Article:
This small change then helped me graduate from being a mere reader to beginning to write. I penned hundreds of poems and short stories before I wrote my first non-fiction book on a writing pad. I called it the Ingredients of Success Recipe. Although I never published it, I did share it with my family and friends. They liked it. Or, at least, they pretended to. I won’t get to find out. But, that doesn’t matter, for I now have this priceless gift called writing. Now when I look back, I find mathematics rather interesting. And, so do all other subjects that I once hated of being made to sit and learn. Writing gave me the logic to decode the way to decipher through those dark clouds of thunderstorms called mathematics, physics, and chemistry. But, was that alone enough?

During my years as a freelance writer, I accomplished quite a bit, for I paid off my education loan even when I did not have a regular earning. During the same years, I had also enrolled for an MBA, which was exclusively for working professionals. Eventually, I figured that to be able to make a family and to sustain it, I will have to earn myself a job. Around the mid of 2011, I had completed a translation project that had drawn me some substantial appreciation and accolades from local representatives. I had completed that project in a mere 15 days—the project would normally have taken over four months of my schedule. But for a practiced hand, translation was a mechanical job. I wanted something more creative, more original.

It was during the last quarter of that year that someone suggested I pursue pranayama, the breathing technique. I researched it and settled on doing Nadi-Shodhan, a breathing technique that purifies the blood and mind. The first month of my breathing exercise wasn’t easy. While it resulted in some magical experiences within the first couple of weeks, it also gave me terrible back pain and other emotional turmoils. Words struck faster, so my efficiency improved, my earnings increased. But, at the cost of my health. The reason was that I had not taken the Deeksha (initiation) for its practice from a guru. So, I suffered from acute back pain for almost two years. But I persisted. Eventually, the pain subsided. Now it is gone.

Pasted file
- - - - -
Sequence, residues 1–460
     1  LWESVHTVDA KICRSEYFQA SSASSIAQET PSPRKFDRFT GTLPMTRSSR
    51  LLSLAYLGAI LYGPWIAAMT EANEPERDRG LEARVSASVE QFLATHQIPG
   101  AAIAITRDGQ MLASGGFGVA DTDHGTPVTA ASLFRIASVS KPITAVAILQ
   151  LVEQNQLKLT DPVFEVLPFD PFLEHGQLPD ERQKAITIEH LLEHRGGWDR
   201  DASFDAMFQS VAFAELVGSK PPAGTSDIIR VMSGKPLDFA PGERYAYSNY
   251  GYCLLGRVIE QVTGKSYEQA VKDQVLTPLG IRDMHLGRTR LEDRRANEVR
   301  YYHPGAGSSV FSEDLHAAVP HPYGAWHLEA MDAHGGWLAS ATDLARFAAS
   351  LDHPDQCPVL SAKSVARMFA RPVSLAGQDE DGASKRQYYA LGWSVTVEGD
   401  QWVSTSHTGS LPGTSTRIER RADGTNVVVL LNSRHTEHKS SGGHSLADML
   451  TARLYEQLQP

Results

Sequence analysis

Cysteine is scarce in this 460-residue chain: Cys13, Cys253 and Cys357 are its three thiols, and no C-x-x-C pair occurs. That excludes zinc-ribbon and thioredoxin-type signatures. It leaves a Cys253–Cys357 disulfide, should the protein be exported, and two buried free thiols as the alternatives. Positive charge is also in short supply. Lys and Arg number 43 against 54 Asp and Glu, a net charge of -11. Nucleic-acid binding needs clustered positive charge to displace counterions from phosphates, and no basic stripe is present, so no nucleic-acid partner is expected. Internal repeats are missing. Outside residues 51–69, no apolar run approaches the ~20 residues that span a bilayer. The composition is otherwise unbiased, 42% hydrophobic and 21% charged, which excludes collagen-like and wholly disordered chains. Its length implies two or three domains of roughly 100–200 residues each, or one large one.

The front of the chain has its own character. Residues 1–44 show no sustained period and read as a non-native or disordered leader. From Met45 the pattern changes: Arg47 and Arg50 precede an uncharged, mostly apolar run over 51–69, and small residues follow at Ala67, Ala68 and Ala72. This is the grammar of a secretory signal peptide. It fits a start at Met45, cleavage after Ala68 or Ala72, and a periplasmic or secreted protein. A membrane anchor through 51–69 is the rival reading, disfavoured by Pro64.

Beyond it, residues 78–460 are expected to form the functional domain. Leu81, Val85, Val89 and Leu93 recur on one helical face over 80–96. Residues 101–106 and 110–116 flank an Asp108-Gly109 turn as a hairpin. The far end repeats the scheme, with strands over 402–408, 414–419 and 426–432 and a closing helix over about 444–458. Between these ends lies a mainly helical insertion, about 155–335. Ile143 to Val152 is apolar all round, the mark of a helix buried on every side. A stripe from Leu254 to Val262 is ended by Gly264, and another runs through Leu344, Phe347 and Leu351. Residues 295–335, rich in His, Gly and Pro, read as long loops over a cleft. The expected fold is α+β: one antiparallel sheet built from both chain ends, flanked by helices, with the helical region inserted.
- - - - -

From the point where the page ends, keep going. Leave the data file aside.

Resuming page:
Why do I tell you all that today? What is the reason I open those chapters of my life to you? What is it that I wish you to take away as the vital thought? The life of a writer is that of a generalist. We are the jack of all trades. And that itself has lent me the most potent insight: to be a learner, I just have to take the next logical step. As a proud generalist, I have broken down complex topics into simple terms and simple terms into clear messages, and clear messages into actionable, understandable items. One careful step, every time. I have moved from clutter to clarity in everything I have ever pursued as a writer.

William Zinsser, of On Writing Well, says, “Writing is thinking on paper.” I can only elaborate on his thought. If writing is pouring down your thoughts on paper, then re-writing is choosing which ones continue to stay there. In one of my previous posts, I said that if one of the best ways to learn a subject is to teach it, then the reverse of it—to teach a subject, learn it first—is equally valid. I have used writing to wayfinding my way into the core of complex topics. Writing, for me, is like a map, which I use to navigate subjects and thoughts, much like city roads.